- Microsoft will invest in Singapore-based ride-hailing and mobility service Grab as part of a strategic partnership that will see the two firms collaborate in areas like machine learning and artificial intelligence, according to an announcement from the two firms.
- Grab will use Microsoft products — including cloud computing platform Microsoft Azure — to support its offerings, which include ride-hailing, food delivery, electronic payments and financial services. Grab will also pilot Kaizala, an app for large group communications and work management, and the two companies will deploy in-car entertainment and productivity projects.
- Grab and Microsoft will collaborate on projects like mobile face recognition for drivers and passengers in ride-hailing, real-time translation services, fraud detection and even image recognition and computer vision technologies that could allow Grab passengers to take a picture of their current location and allow a driver to find it by image alone.
The investment marks another deal between tech and mobility companies, as the latter see the need for artificial intelligence (AI) and machine learning to expand their offerings. Likewise, tech firms see an outlet for their big data platforms and tools like internet of things (IoT) devices in mobility as cities embrace smart offerings. Just last week, Toyota and SoftBank reached a partnership on autonomous driving technology, including fleet shuttles and business-focused vehicles.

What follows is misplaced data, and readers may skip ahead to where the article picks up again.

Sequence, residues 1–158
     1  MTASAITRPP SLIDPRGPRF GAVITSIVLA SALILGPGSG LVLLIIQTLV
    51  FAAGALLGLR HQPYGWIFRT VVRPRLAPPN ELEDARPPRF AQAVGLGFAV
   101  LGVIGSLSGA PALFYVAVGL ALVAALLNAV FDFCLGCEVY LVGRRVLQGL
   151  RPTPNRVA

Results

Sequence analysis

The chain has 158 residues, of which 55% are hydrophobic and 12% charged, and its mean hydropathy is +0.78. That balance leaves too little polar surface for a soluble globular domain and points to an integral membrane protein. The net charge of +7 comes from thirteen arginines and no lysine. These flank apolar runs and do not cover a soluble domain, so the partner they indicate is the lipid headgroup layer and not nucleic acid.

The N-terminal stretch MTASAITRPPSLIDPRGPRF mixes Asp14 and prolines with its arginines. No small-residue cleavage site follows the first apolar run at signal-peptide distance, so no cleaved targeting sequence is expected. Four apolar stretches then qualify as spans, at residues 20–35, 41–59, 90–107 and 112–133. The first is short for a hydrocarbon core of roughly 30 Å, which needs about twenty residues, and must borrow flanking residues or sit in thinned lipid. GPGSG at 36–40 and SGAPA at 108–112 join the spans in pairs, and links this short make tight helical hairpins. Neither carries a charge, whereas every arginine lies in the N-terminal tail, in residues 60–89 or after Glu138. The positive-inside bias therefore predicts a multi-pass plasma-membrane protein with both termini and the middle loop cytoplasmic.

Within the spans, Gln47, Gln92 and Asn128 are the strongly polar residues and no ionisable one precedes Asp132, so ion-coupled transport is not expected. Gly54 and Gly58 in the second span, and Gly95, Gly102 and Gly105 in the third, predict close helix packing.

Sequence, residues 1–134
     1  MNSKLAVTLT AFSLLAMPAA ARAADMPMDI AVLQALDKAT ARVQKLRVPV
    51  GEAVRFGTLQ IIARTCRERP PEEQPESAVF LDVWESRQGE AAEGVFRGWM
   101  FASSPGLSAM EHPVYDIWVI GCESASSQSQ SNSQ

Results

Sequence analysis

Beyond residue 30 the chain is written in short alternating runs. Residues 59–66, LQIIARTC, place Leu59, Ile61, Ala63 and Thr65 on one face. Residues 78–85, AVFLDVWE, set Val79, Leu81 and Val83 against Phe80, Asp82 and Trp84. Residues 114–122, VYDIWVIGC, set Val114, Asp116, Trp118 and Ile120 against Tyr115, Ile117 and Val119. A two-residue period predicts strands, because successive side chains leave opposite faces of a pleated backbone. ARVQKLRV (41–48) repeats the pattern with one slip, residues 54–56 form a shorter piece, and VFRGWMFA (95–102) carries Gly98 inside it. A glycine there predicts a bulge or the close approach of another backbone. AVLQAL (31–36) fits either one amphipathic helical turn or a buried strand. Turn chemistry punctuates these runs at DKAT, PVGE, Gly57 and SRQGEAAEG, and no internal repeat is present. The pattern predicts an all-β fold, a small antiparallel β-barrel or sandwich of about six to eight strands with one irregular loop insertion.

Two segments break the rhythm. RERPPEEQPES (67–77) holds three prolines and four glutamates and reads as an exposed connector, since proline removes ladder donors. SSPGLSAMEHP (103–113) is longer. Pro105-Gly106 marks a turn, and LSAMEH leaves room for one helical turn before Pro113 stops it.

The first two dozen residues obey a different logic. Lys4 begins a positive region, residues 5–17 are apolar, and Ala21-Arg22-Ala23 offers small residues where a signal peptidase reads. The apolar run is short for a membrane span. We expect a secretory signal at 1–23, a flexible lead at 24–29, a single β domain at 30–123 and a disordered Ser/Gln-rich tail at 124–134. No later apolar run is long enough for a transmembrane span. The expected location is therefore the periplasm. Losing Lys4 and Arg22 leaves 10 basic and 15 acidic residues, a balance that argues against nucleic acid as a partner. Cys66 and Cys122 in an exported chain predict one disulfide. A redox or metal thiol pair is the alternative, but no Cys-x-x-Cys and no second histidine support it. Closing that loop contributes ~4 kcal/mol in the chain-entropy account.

Peggy Johnson, executive vice president of Microsoft, said in a statement that the partnership "opens up new opportunities to innovate in both a rapidly evolving industry and growth region."
"We’re excited to team up to transform the customer experience as well as enhance the delivery of digital services for the millions of users who rely on Grab for safe and affordable transport, food and package delivery, mobile payments, and financial services," she added.
Microsoft and Grab are eyeing some potentially cutting-edge applications of AI to mobility, especially around image recognition. Facial recognition is seen as a potential security upgrade to ride-hailing services, a way to verify the identity of both the driver and passenger (Uber tested a similar approach in partnership with Microsoft, although that required passengers to take a picture before getting in a car).
Being able to take a photo of surroundings would help passengers in areas where location sensing is tricky, or with hard-to-find entrances. Grab will also upgrade its map quality and creation, an application that will not only help drivers, but could help cities themselves upgrade their data.